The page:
Kyle Shanahan became noted for both his innovative offensive system and play-calling, first as the coordinator with the Atlanta Falcons and then as the head coach of the San Francisco 49ers.
Incoming New York Jets head coach Robert Saleh wants his new offensive coordinator, Mike LaFleur, to bring in those same concepts to their new team. But it won’t be easy, considering LaFleur, the younger brother of Green Bay coach Matt LaFleur, hasn’t been a play-caller since 2013 with FCS Davidson College.
Still, Saleh said in his introductory Zoom news conference that “nobody in the world knows (the Shanahan offense) better” than LaFleur, the former passing game coordinator for San Francisco, which is why Saleh is bringing him across the country.
So what does that mean for the Jets, and also, for their quarterbacks room? Saleh was wisely diplomatic during his Jets’ rollout, deflecting questions on the team’s ultimate plans for incumbent quarterback Sam Darnold, who still is under contract for this season. The Jets also must decide by early May whether to pick up his fifth-year option, or let him play out this year under the final season of his rookie deal and push the decision on his future until after the season.
Although Saleh praised Darnold, he noticeably stopped short of naming him the team’s starter entering the spring. Smart move. That’s because the specter of a possible trade continues to loom over the proceedings, and there is no reason for Saleh to speak negatively of Darnold if the Jets want to get any value for him.
Yes, the 49ers’ system is considered “quarterback-friendly,” in that it uses pre-snap motion and bunch formations for wide receivers to confuse defenses and create opportunities for receivers to get open. But it’s worth noting that San Francisco quarterback Jimmy Garoppolo, who missed 10 games last season because of two separate high-ankle sprains, has been the subject of trade rumors for months.
If Shanahan and his offensive staff finally have grown impatient with Garoppolo, a game manager at best, should Saleh and LaFleur be satisfied with Darnold, who seems thus far to be cut from the same mold?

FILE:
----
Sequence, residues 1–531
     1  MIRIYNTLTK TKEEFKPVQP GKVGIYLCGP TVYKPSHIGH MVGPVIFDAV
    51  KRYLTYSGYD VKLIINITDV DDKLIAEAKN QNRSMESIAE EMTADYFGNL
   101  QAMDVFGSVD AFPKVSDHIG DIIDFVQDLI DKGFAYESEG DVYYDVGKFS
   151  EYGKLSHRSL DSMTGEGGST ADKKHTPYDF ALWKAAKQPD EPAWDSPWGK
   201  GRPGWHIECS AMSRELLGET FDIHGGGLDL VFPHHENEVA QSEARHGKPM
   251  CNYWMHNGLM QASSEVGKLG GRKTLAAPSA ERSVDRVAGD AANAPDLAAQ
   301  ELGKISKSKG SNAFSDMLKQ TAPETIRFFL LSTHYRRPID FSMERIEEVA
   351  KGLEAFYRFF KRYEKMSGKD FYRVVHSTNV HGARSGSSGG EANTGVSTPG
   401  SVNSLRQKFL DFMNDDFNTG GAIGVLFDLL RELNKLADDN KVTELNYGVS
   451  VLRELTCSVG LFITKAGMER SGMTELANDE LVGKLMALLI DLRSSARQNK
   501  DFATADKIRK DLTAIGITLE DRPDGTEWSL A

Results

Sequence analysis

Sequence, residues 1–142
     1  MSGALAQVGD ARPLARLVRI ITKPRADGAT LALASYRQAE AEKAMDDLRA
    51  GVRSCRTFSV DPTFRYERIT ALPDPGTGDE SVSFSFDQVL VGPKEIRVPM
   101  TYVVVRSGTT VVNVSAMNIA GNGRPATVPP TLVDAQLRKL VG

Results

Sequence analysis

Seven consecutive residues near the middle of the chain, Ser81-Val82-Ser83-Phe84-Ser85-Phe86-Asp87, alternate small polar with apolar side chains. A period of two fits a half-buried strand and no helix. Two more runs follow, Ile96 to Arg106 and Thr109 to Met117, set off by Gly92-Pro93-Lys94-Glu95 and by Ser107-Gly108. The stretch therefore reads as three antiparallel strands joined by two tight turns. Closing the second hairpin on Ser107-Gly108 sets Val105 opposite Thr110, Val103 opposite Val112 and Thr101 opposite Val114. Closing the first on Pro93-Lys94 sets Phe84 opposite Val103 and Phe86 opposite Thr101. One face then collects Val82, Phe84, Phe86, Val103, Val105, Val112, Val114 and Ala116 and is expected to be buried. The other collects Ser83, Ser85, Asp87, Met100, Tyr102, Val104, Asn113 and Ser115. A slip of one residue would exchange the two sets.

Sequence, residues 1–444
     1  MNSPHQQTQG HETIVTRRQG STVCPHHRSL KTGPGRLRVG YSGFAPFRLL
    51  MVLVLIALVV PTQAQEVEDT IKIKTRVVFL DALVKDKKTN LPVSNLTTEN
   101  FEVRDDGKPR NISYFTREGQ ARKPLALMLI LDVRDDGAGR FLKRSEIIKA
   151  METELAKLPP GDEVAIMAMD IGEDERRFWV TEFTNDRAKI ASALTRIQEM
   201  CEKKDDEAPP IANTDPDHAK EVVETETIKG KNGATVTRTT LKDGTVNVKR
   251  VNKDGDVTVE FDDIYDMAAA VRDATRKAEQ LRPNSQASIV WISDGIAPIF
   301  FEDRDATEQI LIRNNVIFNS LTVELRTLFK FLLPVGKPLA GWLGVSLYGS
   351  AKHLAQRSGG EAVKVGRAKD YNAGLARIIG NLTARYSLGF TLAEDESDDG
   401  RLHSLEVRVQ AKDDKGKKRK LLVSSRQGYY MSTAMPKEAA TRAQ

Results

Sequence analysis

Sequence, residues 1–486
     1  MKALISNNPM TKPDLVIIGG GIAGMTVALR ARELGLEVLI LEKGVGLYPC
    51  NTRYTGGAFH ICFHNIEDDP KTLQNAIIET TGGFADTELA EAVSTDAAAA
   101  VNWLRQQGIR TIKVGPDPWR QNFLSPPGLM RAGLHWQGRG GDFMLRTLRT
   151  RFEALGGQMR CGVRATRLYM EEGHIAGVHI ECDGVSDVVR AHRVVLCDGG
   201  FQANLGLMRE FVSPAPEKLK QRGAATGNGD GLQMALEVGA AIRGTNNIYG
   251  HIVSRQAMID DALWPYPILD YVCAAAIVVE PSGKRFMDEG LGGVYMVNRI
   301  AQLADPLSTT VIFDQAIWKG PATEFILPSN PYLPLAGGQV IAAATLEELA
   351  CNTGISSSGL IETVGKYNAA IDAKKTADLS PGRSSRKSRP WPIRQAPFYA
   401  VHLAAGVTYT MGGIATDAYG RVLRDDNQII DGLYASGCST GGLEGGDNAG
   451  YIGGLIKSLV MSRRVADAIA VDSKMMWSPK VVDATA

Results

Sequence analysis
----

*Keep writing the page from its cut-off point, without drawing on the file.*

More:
As I’ve made clear many times in this space, Darnold’s ceiling seems to be lower than anticipated, and although he is a solid citizen who has never rocked the boat and is well-deserving of the media “good guy” award recently bestowed upon him by writers who regularly cover the team, it is time to move on.
The defensive-minded Saleh might believe he and new defensive coordinator Jeff Ulbrich can win games 19-13, 17-14, etc. with LaFleur scheming up just enough yards and points out of the Shanahan system. But in the modern NFL, which favors offenses with most of its rules, it’s an antiquated way to try to win. Note that although 49ers held a 20-10 lead over Kansas City in the third quarter of last year’s Super Bowl, Garoppolo wasn’t able to build on that advantage, and the elite Patrick Mahomes was able to bring his team back to victory.
Of course, an obvious upgrade seems to be available, especially now that the Miami Herald’s Armando Salguero has reported that disgruntled Houston star quarterback Deshaun Watson’s top two preferred destinations are the Jets and Miami, in that order.
Yes, trading for Watson would be a much better option than sticking with Darnold. But it comes with risk. As terrific a quarterback as Watson is—he has 104 touchdown passes and 36 interceptions in his career—the Texans aren’t going to give him away despite his unhappiness. Most reports have pegged the asking price at three first-round picks, and although the Jets do have an extra one both this year and next courtesy of Seattle because of the Jamal Adams deal, the fact remains New York is not a win-now team.
The Jets still have many holes to fill to build a team around Watson that can win in the post-season. (Houston is 1-2 in playoff games with Watson, for what it’s worth.) Acquiring his services could severely damage the Jets’ ability to do that. Thus, it is up to general manager Joe Douglas and Saleh to decide whether they can, indeed, still build the team they want with Watson and without that draft capital, or if those draft picks are necessary to undo the roster damage wrought by previous regimes.
They also need to ignore the potential noise coming from above, as I noted previously. Returning owner Woody Johnson is a fan of the splashy move and should not factor into this decision, which must be made by the football experts.
The safer move would be to select a young quarterback in the draft and build for the future. But if they want to go for it, and trade for Watson, that is their decision. But it will put a lot of pressure on Douglas to make wise moves elsewhere to make up for the lost first-round picks.